I'm afraid this might be one-a-them...
memes, or somethin'.
Does it matter?
A. . . . For example, I might talk about my mother's brother Ned, as opposed to my father's sister, Susie. Why the comma in Susie's case? Because my father has only one sister, whereas my mother has two brothers, so we need to specify which brother but do not need to specify which sister: we do not use commas to separate the name from the rest of the sentence if the name is essential information—"restrictive," they call it. Susie's son, Jonathan, is my cousin, and we set his name apart because Susie has only one son, so if we left out the name "Jonathan," the sentence would still make sense: the name is additional information, not information necessary in order to know which son we're talking about. Ned's son Ted—and Ted's brother, Pete—are also my cousins. (Ned has two sons. Ted has one brother.)
So, similarly, you'd talk about "Jesus' disciple Mark" but "Batman's sidekick, Robin."*
A. You noticed that, did you? Yes, usually I don't make names possessive by adding only an apostrophe (as opposed to an -'s): I would refer, for example, to "Ritchie Valens's death." We get taught that words ending in S are made possessive by adding only an apostrophe; this in fact is true only for plural words ending in S (e.g., "dragons' livers can cure colds"). The exceptions are biblical and classical names like Achilles and Moses, which is why I did write Jesus'.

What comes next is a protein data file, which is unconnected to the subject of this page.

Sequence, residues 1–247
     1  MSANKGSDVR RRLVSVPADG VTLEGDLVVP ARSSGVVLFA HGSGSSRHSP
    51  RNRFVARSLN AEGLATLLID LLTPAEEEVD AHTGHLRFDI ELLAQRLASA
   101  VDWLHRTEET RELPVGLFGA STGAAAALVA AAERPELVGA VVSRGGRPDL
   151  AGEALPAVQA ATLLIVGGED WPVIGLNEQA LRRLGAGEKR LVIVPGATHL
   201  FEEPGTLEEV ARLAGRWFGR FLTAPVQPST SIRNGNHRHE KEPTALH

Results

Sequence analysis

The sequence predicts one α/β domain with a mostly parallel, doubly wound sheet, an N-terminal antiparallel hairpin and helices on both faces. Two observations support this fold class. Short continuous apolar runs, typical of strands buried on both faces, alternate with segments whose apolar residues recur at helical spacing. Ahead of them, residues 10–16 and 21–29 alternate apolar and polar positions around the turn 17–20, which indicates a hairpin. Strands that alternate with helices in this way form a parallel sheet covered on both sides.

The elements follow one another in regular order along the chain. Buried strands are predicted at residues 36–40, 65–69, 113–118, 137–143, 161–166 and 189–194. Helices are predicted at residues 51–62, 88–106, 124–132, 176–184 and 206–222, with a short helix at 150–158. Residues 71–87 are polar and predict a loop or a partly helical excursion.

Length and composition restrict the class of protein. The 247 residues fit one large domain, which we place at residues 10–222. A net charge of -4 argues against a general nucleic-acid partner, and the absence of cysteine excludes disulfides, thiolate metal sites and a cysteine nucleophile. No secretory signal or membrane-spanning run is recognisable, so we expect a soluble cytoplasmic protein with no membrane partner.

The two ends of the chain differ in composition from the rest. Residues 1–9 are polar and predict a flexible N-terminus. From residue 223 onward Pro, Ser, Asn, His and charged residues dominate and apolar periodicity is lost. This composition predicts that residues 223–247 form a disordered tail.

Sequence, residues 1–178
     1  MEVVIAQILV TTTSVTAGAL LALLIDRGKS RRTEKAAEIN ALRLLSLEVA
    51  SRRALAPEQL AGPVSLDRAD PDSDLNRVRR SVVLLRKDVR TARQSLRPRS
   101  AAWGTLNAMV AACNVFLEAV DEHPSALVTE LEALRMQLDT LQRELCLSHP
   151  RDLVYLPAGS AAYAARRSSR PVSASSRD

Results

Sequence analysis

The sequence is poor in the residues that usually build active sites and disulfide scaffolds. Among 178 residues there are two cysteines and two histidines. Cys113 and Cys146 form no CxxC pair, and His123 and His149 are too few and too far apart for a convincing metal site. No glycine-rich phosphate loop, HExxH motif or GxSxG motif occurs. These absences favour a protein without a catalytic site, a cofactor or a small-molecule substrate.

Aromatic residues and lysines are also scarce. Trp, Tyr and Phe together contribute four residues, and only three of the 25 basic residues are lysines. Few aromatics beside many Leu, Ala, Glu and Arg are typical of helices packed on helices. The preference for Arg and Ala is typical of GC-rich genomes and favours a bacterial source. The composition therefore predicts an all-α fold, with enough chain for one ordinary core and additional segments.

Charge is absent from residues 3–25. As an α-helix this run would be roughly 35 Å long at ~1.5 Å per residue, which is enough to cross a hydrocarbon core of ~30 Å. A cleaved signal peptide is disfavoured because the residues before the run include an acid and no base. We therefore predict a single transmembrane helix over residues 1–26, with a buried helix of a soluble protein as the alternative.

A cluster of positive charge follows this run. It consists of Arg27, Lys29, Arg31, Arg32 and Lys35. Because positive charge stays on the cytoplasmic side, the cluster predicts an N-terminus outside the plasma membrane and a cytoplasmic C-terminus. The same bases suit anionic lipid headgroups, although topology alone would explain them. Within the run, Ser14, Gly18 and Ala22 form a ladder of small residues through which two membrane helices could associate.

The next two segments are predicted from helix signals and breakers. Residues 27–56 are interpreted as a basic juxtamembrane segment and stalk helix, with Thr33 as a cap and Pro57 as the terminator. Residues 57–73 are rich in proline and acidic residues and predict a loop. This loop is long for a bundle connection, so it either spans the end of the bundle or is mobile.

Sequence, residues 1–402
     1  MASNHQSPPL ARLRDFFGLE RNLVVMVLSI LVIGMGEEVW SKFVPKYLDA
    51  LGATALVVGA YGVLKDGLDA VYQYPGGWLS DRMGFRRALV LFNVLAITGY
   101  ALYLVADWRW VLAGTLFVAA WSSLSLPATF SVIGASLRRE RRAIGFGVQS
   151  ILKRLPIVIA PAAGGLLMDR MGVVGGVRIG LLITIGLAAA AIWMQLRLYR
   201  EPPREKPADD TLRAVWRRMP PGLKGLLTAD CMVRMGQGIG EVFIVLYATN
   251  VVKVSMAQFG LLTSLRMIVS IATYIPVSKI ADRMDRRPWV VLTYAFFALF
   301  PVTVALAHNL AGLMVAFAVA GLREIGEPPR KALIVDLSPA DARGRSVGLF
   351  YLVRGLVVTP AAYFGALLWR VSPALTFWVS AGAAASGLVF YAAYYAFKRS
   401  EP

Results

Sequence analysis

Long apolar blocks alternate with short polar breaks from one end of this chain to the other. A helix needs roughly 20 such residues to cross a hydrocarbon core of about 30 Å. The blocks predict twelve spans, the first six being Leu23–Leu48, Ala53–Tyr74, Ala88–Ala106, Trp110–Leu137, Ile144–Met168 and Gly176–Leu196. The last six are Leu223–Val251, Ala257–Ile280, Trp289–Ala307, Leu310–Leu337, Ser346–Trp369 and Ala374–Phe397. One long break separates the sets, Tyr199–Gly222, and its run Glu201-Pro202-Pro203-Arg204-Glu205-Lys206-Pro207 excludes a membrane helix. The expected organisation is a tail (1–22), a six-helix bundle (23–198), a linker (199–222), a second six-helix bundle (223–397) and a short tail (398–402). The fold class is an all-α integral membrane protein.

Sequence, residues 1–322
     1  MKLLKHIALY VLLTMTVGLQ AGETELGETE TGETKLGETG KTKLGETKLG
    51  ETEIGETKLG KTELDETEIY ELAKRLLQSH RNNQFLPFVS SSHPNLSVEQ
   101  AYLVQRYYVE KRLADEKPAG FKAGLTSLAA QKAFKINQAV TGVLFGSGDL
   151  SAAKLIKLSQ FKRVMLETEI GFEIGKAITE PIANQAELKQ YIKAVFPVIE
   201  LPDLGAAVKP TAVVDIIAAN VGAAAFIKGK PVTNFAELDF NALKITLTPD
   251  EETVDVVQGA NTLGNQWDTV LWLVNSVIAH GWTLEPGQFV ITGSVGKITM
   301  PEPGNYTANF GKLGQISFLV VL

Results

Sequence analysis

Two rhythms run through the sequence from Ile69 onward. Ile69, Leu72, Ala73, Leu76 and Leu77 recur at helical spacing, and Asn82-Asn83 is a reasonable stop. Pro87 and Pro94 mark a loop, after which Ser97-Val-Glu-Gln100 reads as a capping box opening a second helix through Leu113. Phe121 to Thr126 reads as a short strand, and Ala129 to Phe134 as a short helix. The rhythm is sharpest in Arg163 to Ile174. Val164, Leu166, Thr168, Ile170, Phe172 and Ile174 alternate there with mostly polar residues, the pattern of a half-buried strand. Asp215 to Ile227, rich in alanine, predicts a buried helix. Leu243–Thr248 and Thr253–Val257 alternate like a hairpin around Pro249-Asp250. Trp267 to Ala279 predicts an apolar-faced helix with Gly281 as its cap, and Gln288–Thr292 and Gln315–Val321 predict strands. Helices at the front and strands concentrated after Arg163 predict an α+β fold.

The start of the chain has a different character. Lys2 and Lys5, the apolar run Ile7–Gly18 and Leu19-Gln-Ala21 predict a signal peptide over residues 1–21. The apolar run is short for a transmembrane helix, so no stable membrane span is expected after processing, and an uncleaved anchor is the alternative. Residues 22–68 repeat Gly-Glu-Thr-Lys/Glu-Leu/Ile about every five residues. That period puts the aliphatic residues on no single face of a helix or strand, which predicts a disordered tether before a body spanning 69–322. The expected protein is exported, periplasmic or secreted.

I used to teach my students that the apostrophe-without-an-S option was acceptable since it was so common, but—and this is key—only if you aren't pronouncing the S. For example, Denis Johnson's title Jesus' Son† is a three-syllable affair. This works both ways: if you pronounce the possessive in "Edwards's candidacy" as Ed-wurd-zis, then you need to use the full -'s; if you pronounce it Ed-wurdz, leave out the S. There is no silent S, nor is there an invisible one.
A. Yeah, no, it's "less than 20 minutes," not fewer. Same with money: "less than $10." What made you think of that?
A. Because you're not really saying "how many minutes" or "how many dollars": you're saying "how much time" and "how much money." I feel like we've been over this before.
A. OK, we have time for one last question.
A. Yeah, with or, the verb agrees with the closest subject. So, like, the dog or the cats have been shedding on the pillow, but the cats or the dog has been peeing on the rug. This results in wackiness when you say something like, "Either 100,000 sand fleas or one octopus is going to be the main course." But don't eat octopus. Monkey Einstein, remember?
* DC comic-book fans: if Batman has in fact had other sidekicks, go ahead and keep that to yourselves, OK?
† Not set apart by commas because Denis Johnson has more than one title.